The person accused of murder in the Julie Paskall case makes another court appearance tomorrow. I will be there as I have been the last 3 times.(Our judicial system moves at a snail’s pace.)
In many ways I feel as though I failed Julie. I didn’t speak loudly enough, I wasn’t persistent enough in drawing attention to the changes that we’ve seen in our neighbourhood over the years. For me, this is as personal as it can get without ever having known Julie Paskall.
Here’s the original post from May 24.
Yesterday’s announcement of an arrest in the Julie Paskall murder case took me by surprise. I was thrilled that police had a suspect in custody. My initial excitement was immediately followed by tears and emotion. Relief tempered by sadness over the senselessness of it all.
To say Julie Paskall’s vicious beating and subsequent death rattled our community would be a gross understatement. Back in January there were demands for more police, more mental health services, a tightening of regulations on recovery homes that are often just flop houses and a call for the city to take meaningful action on its plans for revitalization of the Newton Town Centre, the area where the attack on Julie occurred. There is definitely room for improvement on all fronts but we also need to change a system that allows chronic offenders to be back on the streets time after time ( sources say the suspect is known to police).
However, amid all the sadness, frustration and acrimony of this dark time, a little ray of sunlight began to emerge in the Newton community. We realized we are just that. A community.
We came together and realized we weren’t going to allow some punk’s violent act define us. We are so much more than that. Like many parts of Surrey, Newton is a neighbourhood undergoing changes. We are on the brink of creating a new and vibrant downtown core. When you walk along 137th St between Starbucks and the Wave Pool , past the Espresso Cafe and the ethnic grocery shops, you can see that this street and surrounding area has really good “bones”.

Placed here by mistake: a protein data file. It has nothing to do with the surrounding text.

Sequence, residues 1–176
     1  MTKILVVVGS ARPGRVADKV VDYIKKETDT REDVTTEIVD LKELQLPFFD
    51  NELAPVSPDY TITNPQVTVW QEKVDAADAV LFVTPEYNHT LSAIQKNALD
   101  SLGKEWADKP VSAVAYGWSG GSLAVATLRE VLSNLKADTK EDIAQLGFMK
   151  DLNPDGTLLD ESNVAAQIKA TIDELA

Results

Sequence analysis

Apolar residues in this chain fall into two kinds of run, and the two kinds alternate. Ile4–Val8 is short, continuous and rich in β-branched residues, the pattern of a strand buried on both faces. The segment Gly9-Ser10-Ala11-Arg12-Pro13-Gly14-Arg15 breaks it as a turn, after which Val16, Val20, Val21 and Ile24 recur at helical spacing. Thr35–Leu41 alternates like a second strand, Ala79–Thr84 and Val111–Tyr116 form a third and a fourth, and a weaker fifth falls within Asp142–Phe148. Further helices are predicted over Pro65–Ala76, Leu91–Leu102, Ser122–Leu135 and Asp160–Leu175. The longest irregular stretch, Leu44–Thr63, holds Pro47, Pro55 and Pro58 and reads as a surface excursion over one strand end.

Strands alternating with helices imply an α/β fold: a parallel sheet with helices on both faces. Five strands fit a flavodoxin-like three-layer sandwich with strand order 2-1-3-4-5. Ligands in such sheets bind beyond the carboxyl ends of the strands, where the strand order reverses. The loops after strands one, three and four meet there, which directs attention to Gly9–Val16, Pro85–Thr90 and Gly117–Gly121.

Great things are going to happen here in the next few years. In fact if you frequent the places around the recreation centre and bus loop you may have noticed neighbours getting together and creating happy, surprising and whimsical displays of hope, resilience and most of all fun! The Friends of the Grove lead by Newton resident David Dalley held an event in May that attracted hundreds. The message? People can complain and bitch all day long, but what truly creates change is doing something positive and uplifting.
Watch Video of the event here.
Strangers of all ages becoming friends at The Grove.
So this afternoon when police hold their press conference giving us more information on the suspect and hopefully announce murder charges let’s take a moment, remember Julie and her family and thank the police who are doing the best job they possibly can.
Then let’s decide that the very best way to honour Julie Paskall and all other victims of crime is to become better neighbours. That’s the message Julie’s husband Al so eloquently conveyed at her memorial in January. Whether that’s at home or out on the street. Let’s talk to one another. Smile. Ask the person behind you in a grocery store line up how their day is going. It’s so simple.
|So Very True|